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The page below is a sample from the LabCE course Autoimmune Diseases and Antinuclear Antibody Testing: Methods and Staining Patterns. Access the complete course and earn ASCLS P.A.C.E.-approved continuing education credits by subscribing online.

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Centromere (AC-3)

This is an example of a centromere ANA pattern.

This pattern is characterized by staining of discrete speckles in the nucleus of the interphase cells (a). This is staining of the centromere. There are usually 46 speckles, one for each set of chromosomes. Notice the discrete speckling is also seen in the chromosomal area of the metaphase mitotics (b).

The presence of anti-centromere antibodies can be determined by the staining pattern alone. No specific follow-up testing is necessary. Anti-centromere antibodies are most often seen in patients with the limited form of systemic sclerosis called the CREST syndrome. CREST is an acronym for the clinical features:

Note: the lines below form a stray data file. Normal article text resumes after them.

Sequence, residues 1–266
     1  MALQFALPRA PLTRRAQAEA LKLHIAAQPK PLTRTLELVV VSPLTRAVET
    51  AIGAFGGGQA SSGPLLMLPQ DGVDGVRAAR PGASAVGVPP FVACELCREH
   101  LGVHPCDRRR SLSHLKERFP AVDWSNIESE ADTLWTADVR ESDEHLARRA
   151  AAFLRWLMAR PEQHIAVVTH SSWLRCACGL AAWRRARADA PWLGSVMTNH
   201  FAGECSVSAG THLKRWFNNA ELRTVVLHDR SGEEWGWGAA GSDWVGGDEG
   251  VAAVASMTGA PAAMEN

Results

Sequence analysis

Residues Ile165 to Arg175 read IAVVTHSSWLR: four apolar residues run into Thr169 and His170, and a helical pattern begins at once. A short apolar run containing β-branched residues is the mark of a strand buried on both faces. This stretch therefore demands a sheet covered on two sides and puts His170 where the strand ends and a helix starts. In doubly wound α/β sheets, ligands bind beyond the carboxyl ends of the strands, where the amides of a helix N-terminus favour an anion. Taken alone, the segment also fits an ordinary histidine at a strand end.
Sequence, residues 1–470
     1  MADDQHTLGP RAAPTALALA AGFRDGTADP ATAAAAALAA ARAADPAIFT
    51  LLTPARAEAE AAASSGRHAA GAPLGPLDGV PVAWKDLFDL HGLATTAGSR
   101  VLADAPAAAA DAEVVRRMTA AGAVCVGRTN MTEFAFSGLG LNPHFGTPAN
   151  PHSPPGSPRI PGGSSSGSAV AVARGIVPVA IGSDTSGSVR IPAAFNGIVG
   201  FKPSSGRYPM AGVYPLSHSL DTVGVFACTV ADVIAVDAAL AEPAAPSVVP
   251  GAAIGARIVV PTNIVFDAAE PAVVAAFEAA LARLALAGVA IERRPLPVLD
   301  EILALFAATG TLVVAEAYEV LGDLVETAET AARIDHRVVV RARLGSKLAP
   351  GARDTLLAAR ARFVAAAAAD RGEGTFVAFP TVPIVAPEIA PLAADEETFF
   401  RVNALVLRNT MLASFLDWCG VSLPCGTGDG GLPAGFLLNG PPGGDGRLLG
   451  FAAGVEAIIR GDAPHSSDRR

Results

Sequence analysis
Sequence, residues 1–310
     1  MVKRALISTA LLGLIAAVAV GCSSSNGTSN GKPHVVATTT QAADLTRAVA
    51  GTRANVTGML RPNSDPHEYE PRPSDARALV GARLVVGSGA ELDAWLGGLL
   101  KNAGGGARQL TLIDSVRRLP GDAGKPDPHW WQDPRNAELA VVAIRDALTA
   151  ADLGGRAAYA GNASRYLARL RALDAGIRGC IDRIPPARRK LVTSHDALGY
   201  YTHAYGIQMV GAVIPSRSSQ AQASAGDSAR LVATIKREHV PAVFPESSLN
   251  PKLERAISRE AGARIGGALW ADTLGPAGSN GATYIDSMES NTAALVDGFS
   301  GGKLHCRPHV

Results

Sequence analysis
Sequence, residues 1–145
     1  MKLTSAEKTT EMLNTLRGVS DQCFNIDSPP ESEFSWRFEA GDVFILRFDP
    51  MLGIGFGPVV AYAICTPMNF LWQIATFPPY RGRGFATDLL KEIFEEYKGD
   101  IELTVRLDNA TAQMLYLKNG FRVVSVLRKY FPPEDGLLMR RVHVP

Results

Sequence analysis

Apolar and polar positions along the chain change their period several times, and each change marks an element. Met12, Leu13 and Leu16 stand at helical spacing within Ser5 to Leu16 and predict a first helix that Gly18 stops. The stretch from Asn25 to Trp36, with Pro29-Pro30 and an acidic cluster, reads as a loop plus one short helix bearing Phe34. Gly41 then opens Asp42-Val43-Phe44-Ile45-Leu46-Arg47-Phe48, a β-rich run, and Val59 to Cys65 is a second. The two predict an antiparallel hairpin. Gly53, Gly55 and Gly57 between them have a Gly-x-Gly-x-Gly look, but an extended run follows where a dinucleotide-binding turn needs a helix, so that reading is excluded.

Calcinosis cutis

Raynaud's phenomenon

Esophageal dysfunction



Anti-centromere antibodies have been detected years prior to the onset of symptoms. Finding these antibodies in patients with Raynaud's phenomenon or other risk factors is an important indicator for the potential development of systemic sclerosis.

This pattern is reported as "ANA positive Centromere; titering is necessary."


Interphase cells

  • Usually 46 discrete speckled
  • Evenly distributed in the nucleus

Metaphase mitotic cells

  • Discrete speckles align in the chromosomal region of the mitotics
  • No staining outside of the chromosomal area